The average Mayor in the United States can expect to rake in roughly $64K annually. Among folks in this role, job satisfaction levels approximately match the national average. Male Mayors far outnumber their female contemporaries among those who completed the questionnaire. Nearly all have medical and dental plans, and a strong majority have vision insurance. The figures in this rundown are based on the results of PayScale's salary questionnaire.
|Salary||$29,748 - $120,000|
|Total Pay (|
XTotal Pay combines base annual salary or hourly wage, bonuses, profit sharing, tips, commissions, overtime pay and other forms of cash earnings, as applicable for this job. It does not include equity (stock) compensation, cash value of retirement benefits, or the value of other non-cash benefits (e.g. healthcare).)
|$29,799 - $125,251|
Job Description for Mayor
A mayor is the chief elected supervisory official responsible for managing the government of a city or town. In many cities, a division of power is typically enacted, in which the mayor is part of an executive branch for local government and helps to direct city councils or a board of aldermen in addressing citizens' concerns and signing ordinances into law. Other city officials such as police chiefs, fire marshals, and city administrators may answer directly to the mayor and provide reports related to the services of their departments.Read More...
In most local governments, the mayor is the most prominent face of the town government structure and will perform administrative and supervisory duties, including attending and overseeing various city commissions and councils. The mayor usually provides these officials with feedback received from private citizens and local organizations and businesses in order to direct city government in ways that address the concerns of residents, and as the highest-ranked executives they also sign local bills into city ordinances and provide enforcement guidance to local police.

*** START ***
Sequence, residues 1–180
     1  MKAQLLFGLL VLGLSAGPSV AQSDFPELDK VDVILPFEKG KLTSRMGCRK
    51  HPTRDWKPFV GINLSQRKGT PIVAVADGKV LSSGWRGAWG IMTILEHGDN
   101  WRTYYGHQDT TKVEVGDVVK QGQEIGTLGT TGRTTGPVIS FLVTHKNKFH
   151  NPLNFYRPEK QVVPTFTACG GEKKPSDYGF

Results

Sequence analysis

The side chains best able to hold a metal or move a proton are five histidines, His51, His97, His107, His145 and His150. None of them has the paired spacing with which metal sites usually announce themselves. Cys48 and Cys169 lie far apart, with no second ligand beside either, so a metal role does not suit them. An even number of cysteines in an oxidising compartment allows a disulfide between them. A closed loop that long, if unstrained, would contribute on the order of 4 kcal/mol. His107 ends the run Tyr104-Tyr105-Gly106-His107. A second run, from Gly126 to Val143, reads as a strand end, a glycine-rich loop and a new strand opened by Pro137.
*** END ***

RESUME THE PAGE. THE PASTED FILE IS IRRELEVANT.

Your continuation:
Mayors also work with budgeting and planning communities in cities by providing guidance and obtaining information that can be passed along to interested private citizens and businesses. They are also responsible for maintaining the city's financial health and monitoring budgets, revenues, and expenditures.
For most local governments, the office of the mayor is an elected position, and formal requirements may depend more on age and residency than education or prior experience. Still, especially in larger communities, candidacy for the position requires a background in civic administration and many mayors have previously served on local commissions or governing boards. In medium to larger communities, the mayor is a full-time position with a reflective salary, while in smaller towns and villages the mayor may only be paid a stipend and expected to work part-time.
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Pay by Experience Level for Mayor
Median of all compensation (including tips, bonus, and overtime) by years of experience.
The average inexperienced worker earns $61K, and someone who has worked for five to 10 years can expect a bigger median salary of $66K. People with 10 to 20 years of experience make an average of about $95K in this role. Survey participants with more than twenty years of experience only make around $90K on average, though; this group reports a lower median than the one claimed by mid-career individuals.
Key Stats for Mayor
Rated 4 out of 5
based on 5 votes.